Thirsty Thursday

April Fools, this drink is fake

Aline Peres Martins | Staff Writer

The Syracuse, a fake version of the Manhattan, looks like the real thing but packs a completely different taste.

Much like its namesake, the Manhattan is having a surge in popularity. When Nick Bennett, the head bartender at Porchlight in—you guessed it—Manhattan, sat down to speak to Bloomberg, he said that “it’s in this weird little transition period where young women are ordering it and old men are ordering it.” As young Manhattanites move in and try to assimilate to the culture, it almost becomes a go-to way of showing that they are glamorous and cultured.

After all, the Manhattan cocktail was named after The Manhattan Club, a mansion for New York City socialites to congregate back in the late 1800s.

While the origin story of the drink is hazy, one thing that is almost certain is that it is somehow tied to Leonard Jerome, a rich New York City lawyer and businessman who once owned the building that housed The Manhattan Club, Bloomberg reports.

Fun fact, Jerome wasn’t actually born in Manhattan. He was from Syracuse. Cheers to that.

Unfortunately, the Manhattan didn’t take the name of Jerome’s birthplace. But, we can create an entirely different drink that looks just like the Manhattan and give it whatever name we want. So, I am calling this one, The Syracuse: Not Manhattan.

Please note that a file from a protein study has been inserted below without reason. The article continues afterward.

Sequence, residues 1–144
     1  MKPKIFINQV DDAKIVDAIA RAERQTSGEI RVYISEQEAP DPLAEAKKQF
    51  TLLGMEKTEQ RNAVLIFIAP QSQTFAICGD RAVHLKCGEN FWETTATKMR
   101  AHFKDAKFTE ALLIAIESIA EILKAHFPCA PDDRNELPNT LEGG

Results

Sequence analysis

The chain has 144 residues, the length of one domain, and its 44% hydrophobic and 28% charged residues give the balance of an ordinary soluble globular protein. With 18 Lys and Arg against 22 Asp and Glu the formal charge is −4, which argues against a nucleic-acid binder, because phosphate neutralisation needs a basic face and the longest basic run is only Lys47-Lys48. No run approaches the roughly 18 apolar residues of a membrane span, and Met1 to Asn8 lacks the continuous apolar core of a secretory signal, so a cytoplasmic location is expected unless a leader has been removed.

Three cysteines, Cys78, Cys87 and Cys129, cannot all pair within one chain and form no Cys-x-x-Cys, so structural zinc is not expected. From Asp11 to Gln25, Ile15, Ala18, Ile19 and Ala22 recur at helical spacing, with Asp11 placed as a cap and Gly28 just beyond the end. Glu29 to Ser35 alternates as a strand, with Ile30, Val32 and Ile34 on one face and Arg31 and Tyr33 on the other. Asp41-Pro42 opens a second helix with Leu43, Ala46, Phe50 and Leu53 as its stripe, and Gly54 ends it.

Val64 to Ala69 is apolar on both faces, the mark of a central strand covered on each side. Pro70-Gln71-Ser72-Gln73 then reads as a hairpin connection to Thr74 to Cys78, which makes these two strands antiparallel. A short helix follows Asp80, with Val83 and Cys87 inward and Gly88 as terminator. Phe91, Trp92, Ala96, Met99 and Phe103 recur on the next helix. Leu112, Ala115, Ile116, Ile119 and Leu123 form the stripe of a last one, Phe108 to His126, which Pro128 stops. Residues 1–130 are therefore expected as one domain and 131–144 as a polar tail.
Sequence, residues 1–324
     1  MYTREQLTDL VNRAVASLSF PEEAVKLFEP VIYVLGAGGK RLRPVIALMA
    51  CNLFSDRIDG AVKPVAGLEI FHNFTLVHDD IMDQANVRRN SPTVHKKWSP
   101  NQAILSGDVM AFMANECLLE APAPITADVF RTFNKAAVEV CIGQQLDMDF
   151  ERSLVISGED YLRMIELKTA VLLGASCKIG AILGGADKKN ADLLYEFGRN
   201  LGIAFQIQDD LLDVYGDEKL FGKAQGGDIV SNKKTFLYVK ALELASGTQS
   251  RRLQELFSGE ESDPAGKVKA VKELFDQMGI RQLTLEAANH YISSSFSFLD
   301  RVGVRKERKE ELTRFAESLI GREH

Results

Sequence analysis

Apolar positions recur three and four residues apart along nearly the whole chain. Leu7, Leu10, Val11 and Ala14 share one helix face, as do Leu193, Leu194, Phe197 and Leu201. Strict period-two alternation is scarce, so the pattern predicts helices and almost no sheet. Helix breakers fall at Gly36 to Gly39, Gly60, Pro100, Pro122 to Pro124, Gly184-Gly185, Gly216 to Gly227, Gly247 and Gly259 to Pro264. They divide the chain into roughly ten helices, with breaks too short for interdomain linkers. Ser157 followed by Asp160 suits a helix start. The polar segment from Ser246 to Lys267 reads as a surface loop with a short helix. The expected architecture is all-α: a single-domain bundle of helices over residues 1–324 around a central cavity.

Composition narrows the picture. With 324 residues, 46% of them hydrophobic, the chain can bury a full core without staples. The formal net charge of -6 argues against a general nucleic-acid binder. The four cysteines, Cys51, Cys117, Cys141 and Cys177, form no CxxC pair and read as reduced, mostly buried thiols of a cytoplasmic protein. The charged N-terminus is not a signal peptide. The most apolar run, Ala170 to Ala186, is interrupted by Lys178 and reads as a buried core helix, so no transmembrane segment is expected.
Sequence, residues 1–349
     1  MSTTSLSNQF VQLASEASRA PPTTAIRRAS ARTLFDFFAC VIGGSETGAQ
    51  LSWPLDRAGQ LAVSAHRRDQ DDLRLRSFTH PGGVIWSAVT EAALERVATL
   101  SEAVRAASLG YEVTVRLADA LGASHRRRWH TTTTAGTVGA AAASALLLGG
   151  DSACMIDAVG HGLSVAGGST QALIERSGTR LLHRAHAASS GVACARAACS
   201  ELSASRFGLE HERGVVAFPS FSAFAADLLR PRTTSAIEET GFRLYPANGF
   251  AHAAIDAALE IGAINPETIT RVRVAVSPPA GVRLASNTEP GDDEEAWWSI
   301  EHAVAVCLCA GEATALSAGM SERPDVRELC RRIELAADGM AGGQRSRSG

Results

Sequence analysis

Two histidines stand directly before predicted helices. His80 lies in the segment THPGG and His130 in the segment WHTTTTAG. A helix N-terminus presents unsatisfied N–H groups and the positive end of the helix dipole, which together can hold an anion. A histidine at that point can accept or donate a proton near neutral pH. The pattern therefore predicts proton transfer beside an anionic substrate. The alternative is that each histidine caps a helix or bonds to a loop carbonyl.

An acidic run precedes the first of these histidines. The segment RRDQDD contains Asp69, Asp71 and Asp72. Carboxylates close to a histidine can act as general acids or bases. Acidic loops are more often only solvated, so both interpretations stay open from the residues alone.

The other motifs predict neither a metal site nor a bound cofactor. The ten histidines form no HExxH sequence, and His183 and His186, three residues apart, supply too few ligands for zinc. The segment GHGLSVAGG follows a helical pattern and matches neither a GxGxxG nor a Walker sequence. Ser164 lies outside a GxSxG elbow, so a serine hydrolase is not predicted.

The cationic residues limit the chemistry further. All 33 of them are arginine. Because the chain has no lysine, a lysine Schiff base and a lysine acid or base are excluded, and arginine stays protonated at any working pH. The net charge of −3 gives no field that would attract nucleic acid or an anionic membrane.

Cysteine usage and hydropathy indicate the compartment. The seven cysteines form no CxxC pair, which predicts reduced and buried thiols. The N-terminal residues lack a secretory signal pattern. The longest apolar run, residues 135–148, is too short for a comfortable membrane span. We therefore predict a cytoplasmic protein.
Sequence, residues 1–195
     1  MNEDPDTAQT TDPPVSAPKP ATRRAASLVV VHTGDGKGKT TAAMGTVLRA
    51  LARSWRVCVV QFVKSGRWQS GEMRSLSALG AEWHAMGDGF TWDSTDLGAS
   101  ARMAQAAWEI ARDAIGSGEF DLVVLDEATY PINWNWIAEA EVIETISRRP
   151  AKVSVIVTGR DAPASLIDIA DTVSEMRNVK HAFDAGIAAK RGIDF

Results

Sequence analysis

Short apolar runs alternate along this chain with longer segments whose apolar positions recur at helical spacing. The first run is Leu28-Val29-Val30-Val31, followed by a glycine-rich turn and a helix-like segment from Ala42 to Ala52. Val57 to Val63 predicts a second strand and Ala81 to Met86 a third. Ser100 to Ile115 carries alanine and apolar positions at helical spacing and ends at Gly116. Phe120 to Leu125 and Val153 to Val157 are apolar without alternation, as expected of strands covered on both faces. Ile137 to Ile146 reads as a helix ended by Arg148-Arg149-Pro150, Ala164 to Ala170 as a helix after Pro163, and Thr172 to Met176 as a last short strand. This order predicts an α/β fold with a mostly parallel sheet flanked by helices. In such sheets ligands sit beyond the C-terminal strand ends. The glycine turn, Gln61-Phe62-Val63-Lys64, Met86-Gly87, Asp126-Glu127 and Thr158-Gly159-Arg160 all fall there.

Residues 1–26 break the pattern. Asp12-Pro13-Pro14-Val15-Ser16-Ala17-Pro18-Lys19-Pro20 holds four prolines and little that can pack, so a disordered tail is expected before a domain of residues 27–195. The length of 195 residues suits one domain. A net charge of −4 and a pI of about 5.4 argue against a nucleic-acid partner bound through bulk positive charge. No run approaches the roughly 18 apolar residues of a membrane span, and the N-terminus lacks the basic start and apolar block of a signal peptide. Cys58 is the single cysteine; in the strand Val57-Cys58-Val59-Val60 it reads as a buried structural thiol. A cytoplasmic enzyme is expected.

It is perfect to serve up at your April Fools’ Day parties this week because it really looks just like a Manhattan. It has the signature dark amber color, with a pop from the maraschino cherry garnish.

Instead of the typical whiskey and vermouth found in a traditional Manhattan, The Syracuse is made with 1911 gin from local Beak and Skiff Apple Orchard and fresh apple juice, all as an homage to the popular Syracuse fall activity, apple picking. Instead of the sophisticated, and in my opinion, much too bitter Manhattan, this drink is light, crisp and sweet with a slight bite at the end — much like the actual cities themselves. Manhattan has the sophistication and the grit on lock, but Syracuse has quirky character, light-hearted people and fresh air from the nature that surrounds it.

Recipe:

Mix one part 1911 Gin, two parts fresh apple juice, and 5 dashes of angostura bitters with ice. Pour into martini glass and garnish with a maraschino cherry.

Comments

Top Stories